Urinetown, the Musical – never has a Malthusian story been so entertaining

Urinetown, the Musical – never has a Malthusian story been so entertaining

Music by Mark Hollmann, lyrics by Hollmann and Greg Kotis, and book by Kotis

“… with Hope as their hostage …”

Set in a time after a severe drought had dried up the water table to an extent that it was impossible to allow private toilets any longer, local government has allowed itself to adopt the community self-hating option of privatizing the city’s toilets (“amenities”). Of course this has developed into a monopoly situation where the well-dressed Caldwell B Cladwell, owner/operator of Urine Good Company, runs the show, legalized by an obviously bought legislature (“It wasn’t just cash, it was an awful lot of cash”).    It’s been two decades now and while the ‘stink years’ are in the past and the water table has not disappeared altogether, the community is getting restless waiting for the ‘long term solution’.  Of course, Cladwell has no incentive for a long term solution; he is doing as well as can be.

‘Well’ (as the Narrator keeps saying), the ‘peeple’ do begin rebelling at Amenity #9 under the leadership of young Bobby Strong, an Amenities Assistant, after the legislature approves another fee hike (the wee fee?). Coincidentally (or not) Bobby has met Hope, the beautiful daughter of Caldwell, and they seem to have fallen in love right away (sharing the realization that “all people have a heart” whether rich or poor).  While it is clear that this Broadway cliché is being sent up, the audience is probably not yet aware of how many send ups there will be throughout (However, I expect there is high expectation of send-ups after the bunny scene).  I won’t try to outline them all; I’m sure I missed some, anyway, even though I saw the show twice.

Apparently when this show was written (around the turn of the millenium) there was more than one send up of Broadway on Broadway. But fans of musical theatre would be especially delighted in this one by the many references to iconic shows, perhaps the most recognizable being the finger snapping chorus dance number reminiscent of West Side Story.  (I eagerly await someone pointing out all of them to me someday.)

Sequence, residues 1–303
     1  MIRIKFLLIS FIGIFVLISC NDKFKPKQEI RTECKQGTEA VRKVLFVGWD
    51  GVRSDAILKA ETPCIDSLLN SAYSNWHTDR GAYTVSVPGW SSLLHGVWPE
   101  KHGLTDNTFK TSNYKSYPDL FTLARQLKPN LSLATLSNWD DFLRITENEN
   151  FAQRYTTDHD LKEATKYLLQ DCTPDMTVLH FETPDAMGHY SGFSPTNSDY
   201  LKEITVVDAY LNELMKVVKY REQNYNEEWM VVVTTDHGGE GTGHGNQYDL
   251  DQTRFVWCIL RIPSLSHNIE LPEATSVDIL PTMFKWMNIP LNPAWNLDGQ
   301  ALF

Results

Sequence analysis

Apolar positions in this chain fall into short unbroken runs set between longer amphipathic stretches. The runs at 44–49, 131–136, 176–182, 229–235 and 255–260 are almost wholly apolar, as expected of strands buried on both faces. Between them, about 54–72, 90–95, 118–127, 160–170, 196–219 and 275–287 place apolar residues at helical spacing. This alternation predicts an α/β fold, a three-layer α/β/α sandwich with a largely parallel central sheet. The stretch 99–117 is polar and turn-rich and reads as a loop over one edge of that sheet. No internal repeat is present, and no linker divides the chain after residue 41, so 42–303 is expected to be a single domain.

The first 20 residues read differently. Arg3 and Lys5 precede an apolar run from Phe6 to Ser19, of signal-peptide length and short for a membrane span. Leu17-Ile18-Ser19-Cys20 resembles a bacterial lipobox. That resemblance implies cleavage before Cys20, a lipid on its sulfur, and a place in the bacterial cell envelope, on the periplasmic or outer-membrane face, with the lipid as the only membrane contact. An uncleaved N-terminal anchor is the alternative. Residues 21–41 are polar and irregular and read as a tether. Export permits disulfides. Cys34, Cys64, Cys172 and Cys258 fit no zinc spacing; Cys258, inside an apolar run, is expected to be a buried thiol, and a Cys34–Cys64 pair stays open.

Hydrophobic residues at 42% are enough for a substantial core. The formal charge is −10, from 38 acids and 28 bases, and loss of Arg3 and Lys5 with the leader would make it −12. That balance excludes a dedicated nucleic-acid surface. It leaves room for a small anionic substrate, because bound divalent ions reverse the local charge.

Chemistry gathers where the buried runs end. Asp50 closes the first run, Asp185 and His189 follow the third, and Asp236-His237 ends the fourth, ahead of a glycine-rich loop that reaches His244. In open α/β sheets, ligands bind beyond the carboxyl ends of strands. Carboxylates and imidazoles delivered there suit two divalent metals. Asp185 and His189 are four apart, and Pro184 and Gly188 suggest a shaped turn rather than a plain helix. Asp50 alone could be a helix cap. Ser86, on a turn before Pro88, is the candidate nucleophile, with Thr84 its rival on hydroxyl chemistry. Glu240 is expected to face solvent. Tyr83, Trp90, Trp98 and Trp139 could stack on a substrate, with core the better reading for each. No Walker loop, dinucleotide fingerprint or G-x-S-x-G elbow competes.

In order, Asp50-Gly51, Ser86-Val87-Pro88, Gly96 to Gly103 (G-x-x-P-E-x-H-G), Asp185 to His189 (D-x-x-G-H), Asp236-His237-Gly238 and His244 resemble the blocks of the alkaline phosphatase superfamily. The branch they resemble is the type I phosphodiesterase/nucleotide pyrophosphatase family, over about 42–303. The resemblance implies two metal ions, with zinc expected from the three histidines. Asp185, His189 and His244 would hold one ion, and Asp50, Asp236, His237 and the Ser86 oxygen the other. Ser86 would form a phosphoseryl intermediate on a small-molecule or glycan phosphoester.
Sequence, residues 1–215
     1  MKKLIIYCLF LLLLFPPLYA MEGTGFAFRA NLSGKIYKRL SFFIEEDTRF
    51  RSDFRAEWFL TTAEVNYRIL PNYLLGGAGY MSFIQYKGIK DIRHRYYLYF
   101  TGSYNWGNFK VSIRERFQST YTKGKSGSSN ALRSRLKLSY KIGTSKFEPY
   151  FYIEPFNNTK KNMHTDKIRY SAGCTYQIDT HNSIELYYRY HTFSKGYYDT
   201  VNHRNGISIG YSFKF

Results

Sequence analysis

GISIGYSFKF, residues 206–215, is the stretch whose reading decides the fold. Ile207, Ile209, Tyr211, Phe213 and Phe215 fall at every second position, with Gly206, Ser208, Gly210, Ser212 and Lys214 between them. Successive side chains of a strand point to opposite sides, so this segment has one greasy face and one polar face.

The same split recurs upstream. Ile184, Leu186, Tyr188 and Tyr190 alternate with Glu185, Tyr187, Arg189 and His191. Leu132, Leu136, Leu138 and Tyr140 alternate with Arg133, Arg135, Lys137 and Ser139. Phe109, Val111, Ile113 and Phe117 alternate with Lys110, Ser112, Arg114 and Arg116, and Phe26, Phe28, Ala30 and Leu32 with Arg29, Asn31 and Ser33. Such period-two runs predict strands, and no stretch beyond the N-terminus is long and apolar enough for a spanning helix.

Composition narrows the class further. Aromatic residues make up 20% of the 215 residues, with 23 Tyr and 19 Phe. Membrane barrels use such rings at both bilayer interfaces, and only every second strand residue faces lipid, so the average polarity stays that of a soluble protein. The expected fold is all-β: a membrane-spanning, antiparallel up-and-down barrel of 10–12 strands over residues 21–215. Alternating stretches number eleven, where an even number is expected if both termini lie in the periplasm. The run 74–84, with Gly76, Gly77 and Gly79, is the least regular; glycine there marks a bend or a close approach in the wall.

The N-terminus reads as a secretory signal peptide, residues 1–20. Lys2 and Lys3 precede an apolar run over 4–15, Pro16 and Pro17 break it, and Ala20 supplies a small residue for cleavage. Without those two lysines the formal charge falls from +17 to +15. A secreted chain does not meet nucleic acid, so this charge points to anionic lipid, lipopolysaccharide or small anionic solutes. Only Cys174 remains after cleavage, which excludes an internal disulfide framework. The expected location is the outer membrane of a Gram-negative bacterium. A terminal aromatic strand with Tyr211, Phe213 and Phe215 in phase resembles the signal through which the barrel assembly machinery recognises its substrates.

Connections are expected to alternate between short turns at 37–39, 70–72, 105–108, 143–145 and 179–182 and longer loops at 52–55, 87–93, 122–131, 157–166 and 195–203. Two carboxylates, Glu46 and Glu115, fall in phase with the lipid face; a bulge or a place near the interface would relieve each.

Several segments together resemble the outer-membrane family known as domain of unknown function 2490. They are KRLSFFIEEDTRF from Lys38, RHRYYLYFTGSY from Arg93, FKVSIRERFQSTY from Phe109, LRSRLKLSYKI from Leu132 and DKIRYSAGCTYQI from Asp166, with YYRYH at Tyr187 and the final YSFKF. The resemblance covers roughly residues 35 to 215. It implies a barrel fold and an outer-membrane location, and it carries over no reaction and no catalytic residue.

But the highlight of the show is the marvellously constructed finale to Act One bringing all the drama of the finale of ‘Les Mis’ to this stage. A surprizing (or not) turn of events has occurred where Bobby has decided the ‘peeple’ of Amenity #9 need to take Hope hostage in order to escape from the police, clearly failing to impress Hope.  The Narrator captures it by describing it this way:  the rebels run off “with Hope as their hostage”.

This got me to thinking later after the story had reached its end in disaster (the story, not the production).  Were the peeple holding on to a real ‘hope’?   Is this the writer’s hint at their fundamental inspiration for the many turns and send-ups of political and (im)moral positions in the show? If the peeple respond to ‘freedom’ by resuming outdated habits of consumption which (they clearly can see?) do not take into account the fundamentally changed circumstances of the twenty year drought, then perhaps hope as we normally would think of it was never what they had in mind.  Was holding ‘hope’ as ‘hostage’ more a desperate attempt to cover up a more potent desire to prevent change?  Are there some things somehow more important than a genuine hope for the future?

I can only hope not.


Analysis after shows by Repertory Theatre production at Gryphon Theatre, Wellington, September, 2016 (14-24). Apologies for no review of individual performances or of the production.

Richard Keller





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